But, at least they don’t fundamentally disgust me.  As a citizen of the United States it blows my mind how sick the health care debate is.  I saw a sign posted from the Glen Beck driven 9.12 rally. “The Zoo has an african and the white house has a lyin’ African!” being carried by a gleeful woman,  or some showing the president as a so-seen “primitive african.” I felt this immediate bezoar forming in my gut that took me back to my American History 240 class at Bryn Mawr.  My professor, the amazing Sharon Ullman, prewarned the entire class beforehand about the Jim Crow pictures we were about to witness.  She showed us a series of postcards showing the lynching of african americans surrounded by the delighted white crowds.  It was the same feeling that I had when watching the healthcare debate.  Pure disgust, discomfort and national shame.   But what I really want to get to here, is the fact that the US has almost moved into a sphere where politics are too personal.  How many people holding those crazy signs can back themselves up with a pure logically constructed argument about why Obama should be attacked with such vitriol?  They feel rather personally assaulted by his presidency.  The real question for me is: when are politics personal and when should they be anything but impersonal?  How can a politician ’empower’ people to vote and then help them to distance themselves a little amount from policy making?  Isn’t that they whole point around trusting one’s elected officials? Any reasonable person has friends who think similarly and totally different.  I have some amazing conservative friends who make constructed arguments about true political issues.  They’re great.  I’m not trying to hate here.  Irrationality, however, is a deal-breaker.

At least there’s Barney Frank to cheer us all up.

By the way, did anyone else know that it is only in the United States that two spaces are inserted after a period before typing a new sentence?





Reiner Bahnsinn!

10 09 2009

The German Rail System is an american myth.  On “our” side of the pond we have an imagined version of the Deutsche Bahn starting from the Brio wooden trains sets we constructed as small children sliding smoothy and punctually along the curvy wooden tracks.  It was German engineering, German perfection we lowly Amtrak participants swooned at.  If we only lived in Germany, we would never be late and could use the train.  The consequences of this thinking has led me to discern two binary types of train theory.  To highlight this point I will compare the two opposing rail systems: the New York City subway model and the Stuttgart S-Bahn.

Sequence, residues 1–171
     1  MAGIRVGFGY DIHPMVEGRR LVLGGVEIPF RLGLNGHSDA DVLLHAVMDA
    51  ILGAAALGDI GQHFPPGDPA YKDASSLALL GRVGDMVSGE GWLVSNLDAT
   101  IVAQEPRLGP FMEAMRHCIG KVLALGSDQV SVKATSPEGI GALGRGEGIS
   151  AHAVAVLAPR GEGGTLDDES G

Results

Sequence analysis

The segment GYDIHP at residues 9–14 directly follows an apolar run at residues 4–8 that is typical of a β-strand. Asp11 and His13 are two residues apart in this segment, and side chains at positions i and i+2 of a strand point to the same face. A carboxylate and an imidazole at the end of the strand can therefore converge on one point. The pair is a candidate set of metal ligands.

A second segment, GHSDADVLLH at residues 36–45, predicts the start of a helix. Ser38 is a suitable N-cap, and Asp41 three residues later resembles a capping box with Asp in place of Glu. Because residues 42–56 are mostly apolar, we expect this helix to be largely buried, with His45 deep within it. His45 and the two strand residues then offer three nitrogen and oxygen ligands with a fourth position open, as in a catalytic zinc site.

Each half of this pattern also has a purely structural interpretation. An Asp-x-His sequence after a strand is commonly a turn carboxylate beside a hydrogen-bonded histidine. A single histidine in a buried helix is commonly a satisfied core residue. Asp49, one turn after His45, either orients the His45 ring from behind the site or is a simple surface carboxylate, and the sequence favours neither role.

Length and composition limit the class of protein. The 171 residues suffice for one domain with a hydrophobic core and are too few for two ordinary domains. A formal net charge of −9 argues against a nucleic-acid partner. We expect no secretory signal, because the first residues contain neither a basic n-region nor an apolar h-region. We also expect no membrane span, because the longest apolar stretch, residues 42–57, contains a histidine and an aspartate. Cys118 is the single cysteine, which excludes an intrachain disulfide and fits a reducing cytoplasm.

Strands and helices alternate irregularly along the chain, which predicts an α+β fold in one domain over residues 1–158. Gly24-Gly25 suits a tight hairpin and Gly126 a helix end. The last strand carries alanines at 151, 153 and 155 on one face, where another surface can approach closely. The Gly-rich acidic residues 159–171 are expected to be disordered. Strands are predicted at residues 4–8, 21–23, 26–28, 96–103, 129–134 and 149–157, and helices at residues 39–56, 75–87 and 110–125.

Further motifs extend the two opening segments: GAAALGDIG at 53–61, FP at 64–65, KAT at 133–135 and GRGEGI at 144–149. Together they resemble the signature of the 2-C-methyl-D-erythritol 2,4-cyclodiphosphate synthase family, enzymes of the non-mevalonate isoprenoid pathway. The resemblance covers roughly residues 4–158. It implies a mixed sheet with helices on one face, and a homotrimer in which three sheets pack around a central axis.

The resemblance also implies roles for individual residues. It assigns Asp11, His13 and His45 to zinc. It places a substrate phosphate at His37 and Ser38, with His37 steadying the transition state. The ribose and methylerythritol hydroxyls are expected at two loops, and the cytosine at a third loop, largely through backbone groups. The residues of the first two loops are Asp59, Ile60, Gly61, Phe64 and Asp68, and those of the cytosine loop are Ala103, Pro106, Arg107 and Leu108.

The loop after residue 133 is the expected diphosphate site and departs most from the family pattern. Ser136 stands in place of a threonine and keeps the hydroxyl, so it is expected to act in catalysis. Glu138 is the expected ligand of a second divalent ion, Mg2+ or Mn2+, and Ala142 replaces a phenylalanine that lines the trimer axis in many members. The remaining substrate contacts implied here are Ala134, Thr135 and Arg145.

New York MTA: http://www.mta.info/nyct/maps/submap.htm

Stuttgart S-Bahn: http://vvs.de/download/72.pdf

What is the most obvious point when observing these two models is that New York is a lot, I mean ten-fold times larger than Stuttgart.  But what you do see in the New York map is a true web of trains moving underground, over each other, providing numerous ways to get from point A to point B.  The Stuttgart map has the Hauptbahnhof as the epicenter and every train heading in a unique direction away from this point, allowing only one, two and sometimes three possibilities to reach any given destination.  Now, here is the real clincher.  The New York Subway has basically no functioning schedule.  The trains run so often, with so many possibilities to reach destinations that only the far outskirts of town are subjected to the horrors of punctuality.  Whereas every train in Stuttgart runs every half an hour (every fifteen minutes during rush hour).  This results in a greater human responsibility to be at the right place at the right time to reach your destination.  But! If one train fails, if one accident occurs, there is no alternative around the problem.  You, my friend, are stuck.

Well perhaps not you, but me.  I like to give Deutsche Bahn the benefit of the doubt. Things can’t always be controlled or predicted.  So when I went to Switzerland last Thursday, I didn’t get too angry when I was stuck in Karlsruhe due to an Oberleitungs failure (the overhead power cable of the train).  I just had to wait for an hour for the next train to take me to Offenburg and down to Basel.  Fine… whatever… So it ended up taking about six hours.  But on the way back I was heading on a train to Singen that passes through a small town called Schaffhausen and the train suddenly stopped there and refused to go further.  Now, due to the rail system, there are only two ways out of Schaffhausen: going to Singen or going back to Basel and I wanted to go to Singen.  I was stuck. So I went to the service point and was given a new schedule to go through Ulm to Stuttgart.  But then that train didn’t go in the direction of Singen, and the next train didn’t go to Singen!  It turned out that the electric cable had actually fallen down onto the tracks.  But instead of suggesting that the problem could take hours to solve, the Service Point just kept directing to the next trains heading to Singen, that never made it to Singen.  I had my bike with me and just thought, “fine, I’ll bike my way to Singen.”  Now, Schaffhausen and Singen are not that far from eachother, about 25 kilometers (15 miles), but in total about 20 miles once one is actually able to find the correct bike path headed towards Singen.  And as it turns out, entirely uphill.  Two hours after leaving the Schaffhausen Bahnhof I made it to Singen and eventually arrived at 21:40 in Stuttgart.  Making what was supposed to be a three and a half hour train ride, ten and a half hours long.